Our second instalment of Handmade in the UK, this time featuring the upcycled, reclaimed and earth friendly boards by Bash in Bournemouth.
Naomi Jane Photography
The Bash team believe in keeping things simple and surfing the streets the way they did in the 60’s.
Who are the Bash team, how long have you been making boards and how did it all start?
We are made up of myself (Ben) and my fiancée (Tash) hence the name Bash. For now I do most of the shaping and glassing and Tash does the riding. We also have several friends who test out the latest offerings from the shop. For only a year, we’ve been doing this while both having full time jobs and most of that time has been taken up with finding out what doesn’t work.
I can’t remember what pushed me into making these boards as neither of us have grown up with skateboarding. I rode those crappy little polyprop decks when I was kid which were fun at the time but moved into BMX riding. We’ve always been a makers, always finding a way to make stuff for ourselves out of scrap materials. Our house is littered with lighting made from fire extinguishers, shelving made from pallets and all the stuff you see on Pinterest. I think living by the sea in Bournemouth definitely had a large part to play too. You always see people cruising around on Penny boards and longboards down by the beach and I thought I could make one a bit more interesting. My first deck was made from a piece of scrap pine floorboard still with layers of old paint on top. It probably wasn’t the strongest board but it looked RAD and it was old and crusty which I love! That probably kick started it for me.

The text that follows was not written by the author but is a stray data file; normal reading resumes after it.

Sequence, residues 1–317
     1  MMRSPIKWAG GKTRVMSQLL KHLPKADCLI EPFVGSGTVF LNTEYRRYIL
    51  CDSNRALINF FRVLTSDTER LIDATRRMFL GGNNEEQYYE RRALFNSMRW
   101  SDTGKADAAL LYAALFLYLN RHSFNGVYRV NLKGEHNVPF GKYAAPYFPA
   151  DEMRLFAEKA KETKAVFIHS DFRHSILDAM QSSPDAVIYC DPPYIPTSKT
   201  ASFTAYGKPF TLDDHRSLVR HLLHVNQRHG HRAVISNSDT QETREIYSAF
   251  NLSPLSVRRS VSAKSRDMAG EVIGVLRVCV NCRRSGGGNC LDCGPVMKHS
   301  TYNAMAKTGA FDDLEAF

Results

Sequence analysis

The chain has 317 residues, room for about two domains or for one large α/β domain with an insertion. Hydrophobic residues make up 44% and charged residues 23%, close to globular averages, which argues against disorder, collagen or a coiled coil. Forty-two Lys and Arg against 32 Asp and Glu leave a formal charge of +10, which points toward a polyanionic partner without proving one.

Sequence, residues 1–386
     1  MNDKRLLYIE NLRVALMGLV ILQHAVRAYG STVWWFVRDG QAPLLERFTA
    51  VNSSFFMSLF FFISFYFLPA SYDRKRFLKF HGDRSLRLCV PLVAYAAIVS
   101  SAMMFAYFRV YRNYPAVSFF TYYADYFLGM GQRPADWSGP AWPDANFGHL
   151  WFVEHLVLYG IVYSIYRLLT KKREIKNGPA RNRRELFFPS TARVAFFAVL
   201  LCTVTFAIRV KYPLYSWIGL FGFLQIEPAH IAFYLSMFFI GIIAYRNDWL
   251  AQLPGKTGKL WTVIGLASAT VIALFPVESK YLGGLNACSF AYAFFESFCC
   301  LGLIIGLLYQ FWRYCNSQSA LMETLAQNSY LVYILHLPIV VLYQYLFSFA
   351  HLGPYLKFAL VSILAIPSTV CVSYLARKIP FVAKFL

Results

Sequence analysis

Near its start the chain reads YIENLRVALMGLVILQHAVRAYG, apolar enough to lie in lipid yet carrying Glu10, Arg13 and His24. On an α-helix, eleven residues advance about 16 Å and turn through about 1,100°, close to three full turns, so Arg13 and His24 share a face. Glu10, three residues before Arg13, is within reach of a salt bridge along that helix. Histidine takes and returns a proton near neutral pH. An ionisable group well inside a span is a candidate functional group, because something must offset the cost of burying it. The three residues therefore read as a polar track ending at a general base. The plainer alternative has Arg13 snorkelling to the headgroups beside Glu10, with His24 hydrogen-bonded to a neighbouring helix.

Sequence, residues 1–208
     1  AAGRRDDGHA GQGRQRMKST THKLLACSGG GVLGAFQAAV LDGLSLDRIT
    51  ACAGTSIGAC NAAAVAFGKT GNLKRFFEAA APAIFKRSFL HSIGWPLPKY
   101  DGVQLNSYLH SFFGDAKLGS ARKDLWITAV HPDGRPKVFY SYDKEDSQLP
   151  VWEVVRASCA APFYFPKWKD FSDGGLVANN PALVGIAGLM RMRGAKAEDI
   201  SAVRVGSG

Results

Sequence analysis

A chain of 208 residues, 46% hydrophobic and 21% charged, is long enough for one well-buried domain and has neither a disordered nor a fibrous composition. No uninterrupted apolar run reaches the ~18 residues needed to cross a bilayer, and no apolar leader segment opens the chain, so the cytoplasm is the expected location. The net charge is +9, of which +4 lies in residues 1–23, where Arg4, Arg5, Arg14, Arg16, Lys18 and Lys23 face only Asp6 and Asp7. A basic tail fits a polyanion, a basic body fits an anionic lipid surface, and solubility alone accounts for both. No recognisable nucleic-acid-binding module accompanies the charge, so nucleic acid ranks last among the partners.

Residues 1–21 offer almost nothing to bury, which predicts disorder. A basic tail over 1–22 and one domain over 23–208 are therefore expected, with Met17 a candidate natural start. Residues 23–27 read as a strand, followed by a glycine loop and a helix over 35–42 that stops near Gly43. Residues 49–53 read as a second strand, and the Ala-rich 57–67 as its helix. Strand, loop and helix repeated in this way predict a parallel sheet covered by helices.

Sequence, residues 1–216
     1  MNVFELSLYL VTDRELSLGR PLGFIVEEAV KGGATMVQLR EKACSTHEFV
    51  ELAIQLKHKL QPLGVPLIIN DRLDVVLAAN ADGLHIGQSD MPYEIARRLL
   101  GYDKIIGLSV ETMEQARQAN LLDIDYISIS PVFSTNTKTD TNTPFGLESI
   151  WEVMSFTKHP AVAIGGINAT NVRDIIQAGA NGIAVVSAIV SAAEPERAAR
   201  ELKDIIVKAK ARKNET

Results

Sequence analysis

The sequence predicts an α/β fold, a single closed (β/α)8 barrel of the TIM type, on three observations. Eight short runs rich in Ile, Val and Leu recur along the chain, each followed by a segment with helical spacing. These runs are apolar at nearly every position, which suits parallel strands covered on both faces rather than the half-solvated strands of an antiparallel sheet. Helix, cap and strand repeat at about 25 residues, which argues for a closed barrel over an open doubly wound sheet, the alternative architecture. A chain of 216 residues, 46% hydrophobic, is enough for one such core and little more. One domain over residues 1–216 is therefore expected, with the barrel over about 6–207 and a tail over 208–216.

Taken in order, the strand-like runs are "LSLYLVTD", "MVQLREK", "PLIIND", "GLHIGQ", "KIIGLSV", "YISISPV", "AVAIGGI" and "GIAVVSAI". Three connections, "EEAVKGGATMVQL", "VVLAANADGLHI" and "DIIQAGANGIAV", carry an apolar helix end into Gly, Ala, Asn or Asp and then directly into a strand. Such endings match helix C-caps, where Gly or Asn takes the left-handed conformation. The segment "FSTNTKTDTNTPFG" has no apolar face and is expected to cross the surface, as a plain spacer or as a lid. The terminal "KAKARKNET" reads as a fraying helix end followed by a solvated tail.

What is different between skating now and in the 60’s?
I think skating has gone full circle. What started with nailing some roller skate wheels to a bit of timber and cruising down the street with your mates, progressed into the Z- Boys riding emptied out swimming pools in California, to worldwide competitions like the X Games with boards produced in their thousands to meets the growing demand for the sport. Now however there seems to be much more of a focus on riding just like they did back in the day, with an increasing interest in handmade decks built for cruising the streets or riding the ever popular concrete bowl parks. I don’t think this will overtake standard street skating but it does open up the sport to the younger generation and also to the older guys who maybe skated back then and want to give it another crack.
The aim was simple, only use wood salvaged themselves. They are always on the hunt finding old pallets dumped in industrial estates or forgotten timber at the back of reclamation yards. Once the wood is gathered each deck is handmade individually from start to finish in their Bournemouth workshop.
Yes every single deck is made from 100% salvaged wood from stacks of old pallets to torn up shipping crates, instead of being sent to landfill. Retaining the aged look with years of grime and wear but still feeling super smooth, clean and stylish underfoot.
What is the strangest material or object you have ever found on a hunter gatherer session?